Small Wars Journal

After Checkmate: The Use and Limits of the Chess Analogy Regarding Syria

Tue, 07/30/2013 - 5:39am

After Checkmate: The Use and Limits of the Chess Analogy Regarding Syria

Ranjit Singh and CDR Youssef Aboul-Enein, USN

The Value of the Chess Metaphor

Many commentaries have shown that the temptation to view Syria as a regional chess match is strong.  The chess metaphor is often invoked to analyze the potential benefits and risks of the decision towards US intervention, too.[i]  Perhaps, then, we shouldn’t be surprised that in May, the Russian leader of the World Chess Federation, Kirsan Ilyumizhinov, met with Syrian leader Bashar al-Assad in Damascus, purportedly to discuss an end to the conflict.[ii]

That said, it is worth questioning the value of the chess metaphor itself, to the analysis of the Syrian situation more generally. This article contends that chess does indeed help us to understand the stakes involved in the Syrian conflict. However, it does not do so in the manner commonly assumed.  Chess is a useful way to model conflict, but doing so requires an understanding beyond the simple dimensions of the game, and into the psychology, culture, and sociology of a game played over centuries. 

Rules? What Rules?

Chess itself varies considerably by time and place in ways that can affect the metaphor’s utility. Surveying the muddled, extremely fluid, and very data-poor “board” of the Syrian conflict, who can say who is a pawn, a rook, a bishop, or a knight? Indeed, who are the two queens, the game’s most powerful actors? Are there even only two sides at play?  Of course not; there are multiple players, and the queen may not be a person but a key city or stronghold, as we have seen with the pro-Assad forces retaking the strategic city of Qusair and attempting to recapture the city of Aleppo.  For the Alawites, the port city of Latakia is key to their survival. 

Psychologically, too, chess is played differently in the United States from Russia or the Middle East.  For instance, historically the queen is known as the wazir or fers (minister or councilor), and before the evolution of modern western chess, this piece moved only one space and was not the powerful piece we know today.  However, the minister psychologically supports the lesser pieces in addition to the king, it is not a co-partner in the sole defense of the king. In Syria, this means that Bashar al-Assad and his inner-circle rely on “ministers” that enable him to remain in power.  These ministers may also be in Iran, and one would be Hizbullah Secretary General Hassan Nasrallah.  When anti-Assad forces detonated a bomb using a suicide bomber within a conference room packed with Assad’s inner-circle taking out the head of intelligence, armed forces chief of staff, and several other key figures to include Assad’s brother in law Asaf Shawkat, this was as if a pawn took out two knights in two moves, before sacrificing itself.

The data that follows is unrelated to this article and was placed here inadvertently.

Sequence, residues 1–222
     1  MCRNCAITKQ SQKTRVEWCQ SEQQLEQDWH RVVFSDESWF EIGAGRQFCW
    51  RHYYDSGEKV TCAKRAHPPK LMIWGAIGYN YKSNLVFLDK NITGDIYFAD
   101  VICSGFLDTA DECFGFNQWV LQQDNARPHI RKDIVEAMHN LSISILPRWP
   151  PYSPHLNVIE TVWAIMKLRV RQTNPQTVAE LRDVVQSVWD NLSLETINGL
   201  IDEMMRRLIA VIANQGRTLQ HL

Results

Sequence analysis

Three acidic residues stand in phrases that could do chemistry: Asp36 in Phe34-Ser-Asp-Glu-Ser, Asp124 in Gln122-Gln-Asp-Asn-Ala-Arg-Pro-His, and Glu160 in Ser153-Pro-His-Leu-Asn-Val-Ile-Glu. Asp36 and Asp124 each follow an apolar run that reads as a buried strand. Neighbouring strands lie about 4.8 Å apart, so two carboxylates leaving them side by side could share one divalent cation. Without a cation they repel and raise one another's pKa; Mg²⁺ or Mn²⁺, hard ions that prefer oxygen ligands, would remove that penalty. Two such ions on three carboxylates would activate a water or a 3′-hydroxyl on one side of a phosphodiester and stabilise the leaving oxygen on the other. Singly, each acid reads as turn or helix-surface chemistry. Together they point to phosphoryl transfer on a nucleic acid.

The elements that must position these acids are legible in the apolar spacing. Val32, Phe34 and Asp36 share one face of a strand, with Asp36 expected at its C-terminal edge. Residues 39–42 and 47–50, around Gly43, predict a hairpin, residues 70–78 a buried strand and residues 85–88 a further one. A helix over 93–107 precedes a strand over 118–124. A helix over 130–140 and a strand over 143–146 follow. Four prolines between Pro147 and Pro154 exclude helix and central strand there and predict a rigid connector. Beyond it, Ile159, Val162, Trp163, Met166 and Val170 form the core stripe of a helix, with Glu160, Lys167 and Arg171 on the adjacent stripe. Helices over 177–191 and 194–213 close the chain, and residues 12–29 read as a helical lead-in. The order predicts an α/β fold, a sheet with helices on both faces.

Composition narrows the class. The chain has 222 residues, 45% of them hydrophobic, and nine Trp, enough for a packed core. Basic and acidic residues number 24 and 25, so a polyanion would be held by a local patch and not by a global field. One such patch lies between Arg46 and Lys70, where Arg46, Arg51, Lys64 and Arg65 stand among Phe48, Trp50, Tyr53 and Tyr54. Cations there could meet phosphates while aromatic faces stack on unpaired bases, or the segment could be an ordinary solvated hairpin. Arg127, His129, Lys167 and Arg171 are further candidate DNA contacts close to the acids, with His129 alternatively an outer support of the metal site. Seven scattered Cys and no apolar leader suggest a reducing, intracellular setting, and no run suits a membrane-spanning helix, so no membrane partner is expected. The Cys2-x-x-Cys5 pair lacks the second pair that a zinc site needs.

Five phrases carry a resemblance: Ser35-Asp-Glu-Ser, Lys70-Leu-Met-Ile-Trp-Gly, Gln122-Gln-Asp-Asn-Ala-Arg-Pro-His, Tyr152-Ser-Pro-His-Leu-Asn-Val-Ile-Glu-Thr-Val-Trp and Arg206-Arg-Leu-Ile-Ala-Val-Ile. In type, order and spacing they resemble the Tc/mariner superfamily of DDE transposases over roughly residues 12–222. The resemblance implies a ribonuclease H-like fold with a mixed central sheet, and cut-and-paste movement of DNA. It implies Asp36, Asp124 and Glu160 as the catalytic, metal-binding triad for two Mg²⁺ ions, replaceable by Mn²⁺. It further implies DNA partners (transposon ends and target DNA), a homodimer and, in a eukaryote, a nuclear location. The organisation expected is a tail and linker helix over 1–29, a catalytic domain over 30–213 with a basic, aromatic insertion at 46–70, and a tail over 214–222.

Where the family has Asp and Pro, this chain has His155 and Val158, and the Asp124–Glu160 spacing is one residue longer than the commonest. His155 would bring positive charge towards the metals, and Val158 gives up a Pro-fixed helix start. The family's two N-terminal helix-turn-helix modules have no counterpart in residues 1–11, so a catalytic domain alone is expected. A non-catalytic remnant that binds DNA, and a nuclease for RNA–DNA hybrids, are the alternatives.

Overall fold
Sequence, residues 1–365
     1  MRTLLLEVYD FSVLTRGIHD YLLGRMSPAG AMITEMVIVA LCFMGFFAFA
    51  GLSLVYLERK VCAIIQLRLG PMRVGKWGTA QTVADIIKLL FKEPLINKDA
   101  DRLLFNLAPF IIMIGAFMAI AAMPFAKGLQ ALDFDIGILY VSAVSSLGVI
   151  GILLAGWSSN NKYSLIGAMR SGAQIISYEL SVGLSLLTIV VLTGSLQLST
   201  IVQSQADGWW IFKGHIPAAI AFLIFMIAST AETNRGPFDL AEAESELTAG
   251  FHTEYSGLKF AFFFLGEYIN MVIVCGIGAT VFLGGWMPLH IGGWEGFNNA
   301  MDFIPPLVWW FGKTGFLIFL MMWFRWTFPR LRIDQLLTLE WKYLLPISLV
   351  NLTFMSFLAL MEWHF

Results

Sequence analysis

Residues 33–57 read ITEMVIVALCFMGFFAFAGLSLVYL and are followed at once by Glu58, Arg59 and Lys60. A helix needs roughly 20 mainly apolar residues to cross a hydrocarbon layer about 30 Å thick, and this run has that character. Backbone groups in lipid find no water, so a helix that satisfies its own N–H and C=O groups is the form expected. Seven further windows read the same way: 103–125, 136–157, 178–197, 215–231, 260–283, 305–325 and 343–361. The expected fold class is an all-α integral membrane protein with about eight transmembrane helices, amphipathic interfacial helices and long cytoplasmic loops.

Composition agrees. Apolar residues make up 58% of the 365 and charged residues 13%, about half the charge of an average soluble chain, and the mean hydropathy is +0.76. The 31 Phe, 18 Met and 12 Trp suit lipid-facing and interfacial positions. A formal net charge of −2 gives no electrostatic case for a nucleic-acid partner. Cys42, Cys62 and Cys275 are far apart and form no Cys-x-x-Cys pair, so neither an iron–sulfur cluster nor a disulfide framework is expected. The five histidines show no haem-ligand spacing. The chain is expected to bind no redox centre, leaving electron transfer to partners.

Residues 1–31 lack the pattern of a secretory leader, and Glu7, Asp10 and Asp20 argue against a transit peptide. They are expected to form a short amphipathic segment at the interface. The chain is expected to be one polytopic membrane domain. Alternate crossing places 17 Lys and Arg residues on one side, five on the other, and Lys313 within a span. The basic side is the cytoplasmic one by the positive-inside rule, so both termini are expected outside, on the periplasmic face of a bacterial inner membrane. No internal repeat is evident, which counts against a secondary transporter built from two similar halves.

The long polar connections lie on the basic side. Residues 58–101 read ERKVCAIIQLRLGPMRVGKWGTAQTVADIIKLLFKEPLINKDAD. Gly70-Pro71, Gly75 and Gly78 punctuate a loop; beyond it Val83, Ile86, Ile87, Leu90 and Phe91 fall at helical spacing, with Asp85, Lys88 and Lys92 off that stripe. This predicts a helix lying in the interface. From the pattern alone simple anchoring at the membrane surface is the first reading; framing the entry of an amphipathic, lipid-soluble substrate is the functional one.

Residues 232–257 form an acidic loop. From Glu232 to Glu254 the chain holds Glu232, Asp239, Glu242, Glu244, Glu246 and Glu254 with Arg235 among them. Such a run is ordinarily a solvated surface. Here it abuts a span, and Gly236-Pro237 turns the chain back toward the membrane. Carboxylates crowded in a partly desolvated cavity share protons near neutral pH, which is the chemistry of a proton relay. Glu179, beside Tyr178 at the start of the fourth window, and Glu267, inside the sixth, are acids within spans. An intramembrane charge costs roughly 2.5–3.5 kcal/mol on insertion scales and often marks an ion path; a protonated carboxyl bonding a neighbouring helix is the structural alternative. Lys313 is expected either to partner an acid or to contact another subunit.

Whose Rules? If Any?

Furthermore, the rules of chess are not fixed across cultures.  Some rules the authors have encountered playing chess in the region include a prohibition on castling, and granting victory when the only piece left to the opponent is the king.  Another peculiar rule permits opening the game by moving two pawns two spaces, instead of our usual option of moving one pawn two spaces or two pawns one space each.  It is not always easy to ask the chess opponent in an Arab coffee shop which rules they would like to follow, because basic rules are taught from childhood. 

For the Syria analogy, as for all war, there are no real rule books. Even if there were, rules are often set aside in the heat of war, even more so in an insurgency. Yet Arabs typically view with favor the opponent who arrays the pieces on the board to maximum advantage by not focusing completely on the pieces and their intrinsic worth, but on space.  This strategic emphasis may derive from the importation of proto-chess from India. The Arabic word for chess, shatranj, comes from the Sanskrit chaturanga, and the idea of dominating space and maneuver typifies an eastern view of the game.  Playing chess in the Near East is more nearly like combining chess with the Asian game of Go.  As in the latter game, Syria must be viewed in terms of terrain and dominance on a landscape, with border areas being a source of supply, and with the added complexity of air-space.  Depriving Bashar al-Assad from access to spaces undermines his ability to resupply.